By M. P. Baumgartner from
Recently I had the pleasure of attending a conference at the Drew Theological School on the topic of “Divinanimality: Creaturely Theology.” One of the keynote speakers, theologian Jay McDaniel, raised a question that I have often wondered about as well:
Why do so many people in the earthcare community seem to find it easier to care about mountains and trees than about our much nearer relatives in the animal kingdom? Why the leap from concern about humans to concern about air, water, and soil, without a pause to consider the welfare of what Buddhists recognize as the other “sentient beings” living alongside us?
Whatever the reason for the low priority given to animal rights and animal welfare in so much environmental activism, the simple fact is that ignoring animal concerns is a mistake for any environmentalist. There can be no successful earthcare without animal care. Human and nonhuman animals are bound together in complex interactions within our shared environment, and what people do or do not do in regard to other animals has a significant effect on us all.
Consider, for example, the consequences of human overpopulation. Estimates place the worldwide human population at about 200 million at the dawn of the Christian era, 700 million at the dawn of the Industrial Revolution, 1.2 billion by 1850; 2.5 billion by 1950; about 7 billion today; and, if trends continue, 9 billion by 2050. As human numbers have soared, people have destroyed the habitats of thousands of other species in their ongoing quest for ever more land for their own settlements and crops. Human needs and appetites have also resulted in the exploitation of many nonhuman species beyond the ability of those species to remain viable. Many kinds of fish, for example, are on the brink of extinction due to overfishing by humans.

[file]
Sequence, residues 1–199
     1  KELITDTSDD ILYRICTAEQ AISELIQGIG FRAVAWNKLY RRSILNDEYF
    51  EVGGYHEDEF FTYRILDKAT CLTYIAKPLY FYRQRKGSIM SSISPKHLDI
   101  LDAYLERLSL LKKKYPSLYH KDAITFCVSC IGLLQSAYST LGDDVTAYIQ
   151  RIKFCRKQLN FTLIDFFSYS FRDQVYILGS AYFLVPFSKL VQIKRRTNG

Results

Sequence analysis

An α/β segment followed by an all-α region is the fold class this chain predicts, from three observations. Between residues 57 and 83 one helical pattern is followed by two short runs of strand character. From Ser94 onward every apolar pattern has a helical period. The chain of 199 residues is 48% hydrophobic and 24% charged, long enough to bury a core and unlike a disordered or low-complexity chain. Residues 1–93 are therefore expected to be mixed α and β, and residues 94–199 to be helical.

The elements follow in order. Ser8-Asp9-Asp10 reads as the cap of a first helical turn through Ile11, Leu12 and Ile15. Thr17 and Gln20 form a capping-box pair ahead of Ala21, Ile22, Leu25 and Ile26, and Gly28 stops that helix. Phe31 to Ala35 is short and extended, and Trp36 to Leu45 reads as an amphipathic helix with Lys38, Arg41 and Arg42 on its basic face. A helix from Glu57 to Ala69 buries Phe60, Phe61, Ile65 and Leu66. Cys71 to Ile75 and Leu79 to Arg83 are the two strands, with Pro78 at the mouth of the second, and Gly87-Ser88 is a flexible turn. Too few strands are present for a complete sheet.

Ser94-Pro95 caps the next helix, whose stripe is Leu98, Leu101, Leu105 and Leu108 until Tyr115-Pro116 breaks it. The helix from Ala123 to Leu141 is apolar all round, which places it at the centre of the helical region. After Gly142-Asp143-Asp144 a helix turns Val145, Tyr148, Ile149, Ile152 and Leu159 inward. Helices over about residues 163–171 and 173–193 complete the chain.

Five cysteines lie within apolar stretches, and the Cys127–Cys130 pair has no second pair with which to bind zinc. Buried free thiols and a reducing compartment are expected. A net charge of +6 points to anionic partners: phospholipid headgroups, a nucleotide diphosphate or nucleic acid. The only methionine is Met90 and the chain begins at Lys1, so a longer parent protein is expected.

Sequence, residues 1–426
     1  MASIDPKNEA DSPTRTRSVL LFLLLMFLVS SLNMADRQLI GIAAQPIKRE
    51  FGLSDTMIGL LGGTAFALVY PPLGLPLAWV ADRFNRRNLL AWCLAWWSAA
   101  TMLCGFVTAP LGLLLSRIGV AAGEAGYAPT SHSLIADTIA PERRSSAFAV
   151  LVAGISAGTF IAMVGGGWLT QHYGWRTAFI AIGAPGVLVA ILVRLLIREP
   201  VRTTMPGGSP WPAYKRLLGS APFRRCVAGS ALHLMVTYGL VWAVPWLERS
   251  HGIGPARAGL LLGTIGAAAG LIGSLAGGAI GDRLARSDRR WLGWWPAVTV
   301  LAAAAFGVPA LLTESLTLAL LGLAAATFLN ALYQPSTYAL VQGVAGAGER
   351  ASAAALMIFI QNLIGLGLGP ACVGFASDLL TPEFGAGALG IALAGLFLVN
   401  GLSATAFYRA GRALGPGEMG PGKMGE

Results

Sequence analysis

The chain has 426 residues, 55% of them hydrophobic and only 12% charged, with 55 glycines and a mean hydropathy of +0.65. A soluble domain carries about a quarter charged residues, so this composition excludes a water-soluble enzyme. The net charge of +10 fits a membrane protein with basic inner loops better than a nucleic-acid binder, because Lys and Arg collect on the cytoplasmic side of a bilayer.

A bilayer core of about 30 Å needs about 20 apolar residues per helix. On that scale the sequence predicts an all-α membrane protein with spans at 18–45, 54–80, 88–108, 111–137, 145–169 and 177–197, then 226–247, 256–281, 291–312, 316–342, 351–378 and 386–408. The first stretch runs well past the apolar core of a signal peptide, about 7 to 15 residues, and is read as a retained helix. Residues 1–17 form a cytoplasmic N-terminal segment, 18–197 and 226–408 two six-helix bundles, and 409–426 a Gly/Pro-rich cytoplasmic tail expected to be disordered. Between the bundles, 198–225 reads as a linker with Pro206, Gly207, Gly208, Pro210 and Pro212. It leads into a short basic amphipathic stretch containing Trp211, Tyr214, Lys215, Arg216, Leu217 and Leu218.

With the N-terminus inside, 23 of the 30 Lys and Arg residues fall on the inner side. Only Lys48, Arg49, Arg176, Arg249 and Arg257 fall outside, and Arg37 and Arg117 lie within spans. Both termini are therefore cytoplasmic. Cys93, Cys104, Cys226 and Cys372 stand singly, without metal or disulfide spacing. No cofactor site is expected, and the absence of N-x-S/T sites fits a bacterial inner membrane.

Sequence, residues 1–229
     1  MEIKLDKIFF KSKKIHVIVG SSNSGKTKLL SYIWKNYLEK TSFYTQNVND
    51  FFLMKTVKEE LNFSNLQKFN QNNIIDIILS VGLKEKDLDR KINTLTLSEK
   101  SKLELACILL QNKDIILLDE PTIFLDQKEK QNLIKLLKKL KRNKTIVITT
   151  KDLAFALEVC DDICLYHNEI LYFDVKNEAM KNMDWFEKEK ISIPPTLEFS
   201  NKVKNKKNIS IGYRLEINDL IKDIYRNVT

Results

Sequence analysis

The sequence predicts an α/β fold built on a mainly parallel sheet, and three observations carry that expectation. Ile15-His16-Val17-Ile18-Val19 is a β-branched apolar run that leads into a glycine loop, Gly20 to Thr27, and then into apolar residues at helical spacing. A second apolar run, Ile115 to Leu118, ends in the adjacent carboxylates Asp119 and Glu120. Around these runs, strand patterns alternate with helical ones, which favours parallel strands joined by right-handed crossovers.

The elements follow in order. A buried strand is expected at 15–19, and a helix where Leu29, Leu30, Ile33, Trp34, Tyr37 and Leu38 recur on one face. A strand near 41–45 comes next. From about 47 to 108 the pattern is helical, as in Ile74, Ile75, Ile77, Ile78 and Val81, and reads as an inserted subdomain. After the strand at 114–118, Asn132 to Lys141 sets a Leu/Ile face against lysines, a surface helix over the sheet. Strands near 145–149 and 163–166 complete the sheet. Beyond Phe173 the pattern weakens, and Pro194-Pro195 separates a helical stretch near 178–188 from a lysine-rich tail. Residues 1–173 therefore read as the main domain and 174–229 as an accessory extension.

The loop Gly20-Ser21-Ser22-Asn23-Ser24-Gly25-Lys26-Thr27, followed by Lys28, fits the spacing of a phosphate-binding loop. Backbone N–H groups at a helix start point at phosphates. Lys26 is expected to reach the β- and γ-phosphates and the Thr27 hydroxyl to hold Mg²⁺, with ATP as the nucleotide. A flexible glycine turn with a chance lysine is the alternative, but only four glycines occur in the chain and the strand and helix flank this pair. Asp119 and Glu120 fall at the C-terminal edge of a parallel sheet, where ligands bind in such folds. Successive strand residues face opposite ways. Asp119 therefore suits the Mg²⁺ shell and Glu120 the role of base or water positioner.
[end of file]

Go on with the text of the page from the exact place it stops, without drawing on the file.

The result of human pressure on other species has brought about an ongoing wave of extinctions. Biologists call what is happening now the “sixth great extinction” in the history of life on earth. Great extinctions occur when at least 10% of species on earth are lost. All of the five earlier great extinctions were caused by volcanic or seismic activity on earth or by impact with bodies from space such as asteroids. The fifth great extinction, the last one before now, was marked by the extinction of the dinosaurs. Scientists estimate that as many as 40% of today’s species are currently threatened or endangered and may disappear by the end of this century. Among the animals currently facing extinction are tigers, pandas, mountain gorillas, whooping cranes, leatherback sea turtles, and many others. What kind of environment will be left if these and other creatures simply disappear? Extinctions are great blows to entire ecosystems, and some are worse than others. Biologist E. O. Wilson has observed, “If all mankind were to disappear, the world would regenerate back to the rich state of equilibrium that existed ten thousand years ago. If insects were to vanish, the environment would collapse into chaos.”